Author

Jinlei Zheng

Date of Award

2017

Document Type

Dissertation

Degree Name

Doctor of Philosophy (PhD)

Department

Space Science

Committee Chair

Qiang Hu

Committee Member

Gang Li

Committee Member

Jakobus le Roux

Committee Member

Gary P. Zank

Committee Member

Gary Webb

Subject(s)

Space plasmas., Magnetic flux.

Abstract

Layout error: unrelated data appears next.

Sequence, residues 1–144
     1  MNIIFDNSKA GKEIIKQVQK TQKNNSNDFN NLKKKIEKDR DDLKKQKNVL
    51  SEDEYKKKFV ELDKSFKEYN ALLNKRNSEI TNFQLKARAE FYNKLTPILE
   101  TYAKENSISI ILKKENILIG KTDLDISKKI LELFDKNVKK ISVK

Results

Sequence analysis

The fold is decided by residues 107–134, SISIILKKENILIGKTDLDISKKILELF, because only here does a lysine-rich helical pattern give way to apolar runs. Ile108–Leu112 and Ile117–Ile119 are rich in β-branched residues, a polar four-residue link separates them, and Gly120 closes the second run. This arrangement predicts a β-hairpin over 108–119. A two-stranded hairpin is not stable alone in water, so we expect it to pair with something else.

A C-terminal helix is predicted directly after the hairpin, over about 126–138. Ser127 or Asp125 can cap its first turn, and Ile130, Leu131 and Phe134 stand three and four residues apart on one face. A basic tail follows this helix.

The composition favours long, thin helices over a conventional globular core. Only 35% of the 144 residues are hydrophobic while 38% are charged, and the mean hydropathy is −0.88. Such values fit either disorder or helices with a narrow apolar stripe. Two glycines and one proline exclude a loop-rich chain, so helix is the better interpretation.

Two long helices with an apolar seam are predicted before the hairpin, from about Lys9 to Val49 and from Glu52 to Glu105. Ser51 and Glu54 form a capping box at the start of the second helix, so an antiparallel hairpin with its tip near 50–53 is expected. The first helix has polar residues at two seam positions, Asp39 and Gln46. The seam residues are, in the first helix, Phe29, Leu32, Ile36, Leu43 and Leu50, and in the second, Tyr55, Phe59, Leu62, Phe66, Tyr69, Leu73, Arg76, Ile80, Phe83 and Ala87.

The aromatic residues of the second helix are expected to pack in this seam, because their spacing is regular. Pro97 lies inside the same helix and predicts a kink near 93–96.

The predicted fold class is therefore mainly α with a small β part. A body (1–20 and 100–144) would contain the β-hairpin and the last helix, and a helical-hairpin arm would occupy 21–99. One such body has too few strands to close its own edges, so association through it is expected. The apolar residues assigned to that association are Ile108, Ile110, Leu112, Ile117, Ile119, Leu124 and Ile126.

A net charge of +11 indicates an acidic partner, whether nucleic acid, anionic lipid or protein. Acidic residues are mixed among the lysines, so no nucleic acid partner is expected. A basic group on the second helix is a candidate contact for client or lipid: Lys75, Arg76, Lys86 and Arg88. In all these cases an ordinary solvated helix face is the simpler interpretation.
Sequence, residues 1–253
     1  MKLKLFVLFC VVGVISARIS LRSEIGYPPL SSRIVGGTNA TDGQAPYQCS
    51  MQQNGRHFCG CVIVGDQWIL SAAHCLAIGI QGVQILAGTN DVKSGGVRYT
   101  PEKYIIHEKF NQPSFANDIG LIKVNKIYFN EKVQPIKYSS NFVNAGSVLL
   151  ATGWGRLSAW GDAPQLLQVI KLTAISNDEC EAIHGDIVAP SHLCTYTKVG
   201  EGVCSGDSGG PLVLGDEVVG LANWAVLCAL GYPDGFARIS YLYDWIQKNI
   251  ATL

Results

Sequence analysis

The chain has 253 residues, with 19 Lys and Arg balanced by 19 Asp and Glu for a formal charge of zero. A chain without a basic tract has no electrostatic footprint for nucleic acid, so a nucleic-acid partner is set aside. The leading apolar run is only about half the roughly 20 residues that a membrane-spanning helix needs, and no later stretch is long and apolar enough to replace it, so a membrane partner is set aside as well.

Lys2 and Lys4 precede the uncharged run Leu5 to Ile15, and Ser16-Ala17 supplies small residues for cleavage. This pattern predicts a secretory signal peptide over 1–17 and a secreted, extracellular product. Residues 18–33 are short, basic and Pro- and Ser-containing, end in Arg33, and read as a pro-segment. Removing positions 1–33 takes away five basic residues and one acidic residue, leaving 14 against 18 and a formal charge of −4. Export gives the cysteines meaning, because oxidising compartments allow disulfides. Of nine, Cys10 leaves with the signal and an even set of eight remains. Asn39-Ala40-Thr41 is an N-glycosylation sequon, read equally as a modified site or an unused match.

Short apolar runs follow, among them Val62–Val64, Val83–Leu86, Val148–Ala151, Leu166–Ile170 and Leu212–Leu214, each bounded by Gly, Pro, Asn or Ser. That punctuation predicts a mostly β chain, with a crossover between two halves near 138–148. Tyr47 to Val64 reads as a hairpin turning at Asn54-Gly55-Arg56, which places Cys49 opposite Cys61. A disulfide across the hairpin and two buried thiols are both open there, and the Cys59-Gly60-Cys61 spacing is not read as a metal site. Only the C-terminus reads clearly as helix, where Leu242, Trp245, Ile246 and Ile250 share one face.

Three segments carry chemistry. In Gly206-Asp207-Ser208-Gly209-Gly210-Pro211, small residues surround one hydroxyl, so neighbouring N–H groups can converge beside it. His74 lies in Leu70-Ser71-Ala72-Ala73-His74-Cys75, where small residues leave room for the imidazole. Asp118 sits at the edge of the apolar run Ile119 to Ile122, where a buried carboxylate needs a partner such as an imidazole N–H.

In this dissertation, we developed a new automated small-scale magnetic flux rope detection algorithm based on the Grad-Shafranov (GS) reconstruction technique. The GS reconstruction technique is a tool to reconstruct the two and a half dimensional magnetic field and plasma structures based on in-situ spacecraft measurements in space plasmas. We applied this detection algorithm to the Wind spacecraft measurements during 1996 ~ 2016, covering two solar cycles, and successfully detected a total number of 74,241 small-scale magnetic flux rope events with durations from 9 to 361 minutes. This large number of small-scale magnetic flux ropes has not been discovered by any other previous studies through this unique approach. We have built an online database of small-scale magnetic flux ropes based on our detection results (see http://fluxrope.info). We performed statistical analysis of the small-scale magnetic flux rope events based on our newly developed database, and summarize the main findings as follows. (1) The occurrence of small-scale flux ropes has strong solar cycle dependency, which has the same trend as the occurrence of their large-scale counterparts, the magnetic clouds. (2) The small-scale magnetic flux ropes in the ecliptic plane tend to align along the Parker spiral, indicating that they belong to the general population of "flux tubes". (3) In low speed (< 400 km/s) solar wind, the flux ropes tend to have lower proton temperature and higher proton number density, while in high speed (>= 400 km/s) solar wind, they tend to have higher proton temperature and lower proton number density. (4) Both the duration and scale size distributions of the small-scale magnetic flux ropes obey a power law. (5) The waiting time distribution of small-scale magnetic flux ropes can be fitted by an exponential function (for shorter waiting times) and a power law function (for longer waiting times), suggesting the presence of both a random Poisson process and some clustering behavior. (6) The wall-to-wall time distribution obeys double power laws with the break point at 60 minutes (corresponding to the correlation length), which is consistent with the waiting time distributions of magnetohydrodynamic (MHD) turbulence simulations and the related observations. (7) The small-scale magnetic flux ropes tend to accumulate near the heliospheric current sheets (HCSs). We also performed case studies on the small-scale magnetic flux ropes downstream of interplanetary shocks, and found that the peaks of enhanced ions flux correspond to the merging edges of two adjacent flux ropes, indicating that the merging flux ropes are able to energize particles with appropriate energy bands. In summary, we have studied an exhaustive list of small-scale magnetic flux rope structures from twenty-one-year worth of Wind spacecraft data in the solar wind. We examined their properties and related to other structures. We have found evidence supporting competing views on the origin of this type of structures. However, we conclude that we have found strong evidence in support of the mechanism of their self-generation in MHD turbulence, especially on scales smaller than the correlation length.

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